Overall, it’s been reported that the level of mercury in the body is two to 12 times higher in the body tissues of individuals with dental amalgam fillings. Can this be corrected? Can the removal of amalgam fillings reduce the likelihood of developing these health issues? 

In a recent study published in the Journal of Oral Rehabilitation, researchers were interested in whether the removal of all amalgam fillings would result in long-term changes to oral health, as well as the overall health of participants. Within the treatment group, all fillings were removed and replaced with alternative materials; the control group did not receive any intervention.

While no improvement in health complaints was found in the control group, the treatment group experienced reductions in both intraoral and general health complaints. This study supported previous data showing that once the mercury fillings were removed, mercury levels decreased in the participant’s urine and serum.

The researchers concluded that although the mechanisms behind these results remain to be discovered, it’s clear that the replacement of amalgam fillings resulted in the reduction of health complaints. Although potential contributing factors need to be examined, they believe that reduced exposure, patient-centered treatment, and the elimination of worry may have all played a role.

Safe removal of amalgam fillings

At this point, you may be thinking, I have amalgam fillings — what do I do about it now? It’s comforting to know that these fillings can be removed. However, it’s typically very costly and can actually be dangerous. The removal of amalgam fillings has the potential to release more mercury vapor directly into your body.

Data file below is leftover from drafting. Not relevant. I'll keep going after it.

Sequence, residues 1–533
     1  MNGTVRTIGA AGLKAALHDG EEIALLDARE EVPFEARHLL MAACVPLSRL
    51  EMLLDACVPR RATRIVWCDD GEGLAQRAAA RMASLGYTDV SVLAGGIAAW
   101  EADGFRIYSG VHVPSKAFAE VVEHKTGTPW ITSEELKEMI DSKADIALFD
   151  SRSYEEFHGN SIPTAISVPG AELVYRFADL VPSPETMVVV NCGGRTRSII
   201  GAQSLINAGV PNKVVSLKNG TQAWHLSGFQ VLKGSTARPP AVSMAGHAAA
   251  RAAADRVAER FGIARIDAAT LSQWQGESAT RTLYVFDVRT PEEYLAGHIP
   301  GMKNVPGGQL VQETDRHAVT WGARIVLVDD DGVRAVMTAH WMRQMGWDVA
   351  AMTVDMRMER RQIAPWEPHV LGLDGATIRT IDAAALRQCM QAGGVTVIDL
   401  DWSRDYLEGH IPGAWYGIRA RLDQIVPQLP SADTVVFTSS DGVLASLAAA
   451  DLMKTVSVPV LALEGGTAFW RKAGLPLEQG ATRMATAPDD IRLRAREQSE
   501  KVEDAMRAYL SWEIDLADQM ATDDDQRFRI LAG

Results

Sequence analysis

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If you would like amalgam fillings removed, it’s imperative that you meet with a dentist who has been specifically trained to perform this procedure. It’s recommended that you seek the assistance of a biological dentist, who will focus on a more holistic approach. During safe removal a dentist should: 

  • Place a rubber dam in your mouth so that you do not inhale or swallow toxins.
  • Use a high-volume suction device, placing it near the tooth — eliminating mercury vapor.
  • Utilize a cold-water spray to minimize vapors.
  • Instruct you to immediately wash out your mouth and surrounding area once the filling has been removed.
  • Use air purifiers throughout the room.

It’s also recommended that you prepare your health prior to this surgery, ensuring that your detoxification mechanisms are functioning at an optimal level. To prevent tooth decay in the future, it’s crucial that you focus on good oral hygiene, while consuming plenty of whole foods that naturally fight bacteria in your mouth.

—Krista Hillis

Krista Hillis is passionate about nutrition, mental health, and sustainable practices. She has her Bachelors in Psychology and Neuroscience and is still active in her research. Studying both the body and mind, she focuses on natural health and balance. Krista enjoys writing based on her ability to inspire others and increase overall awareness.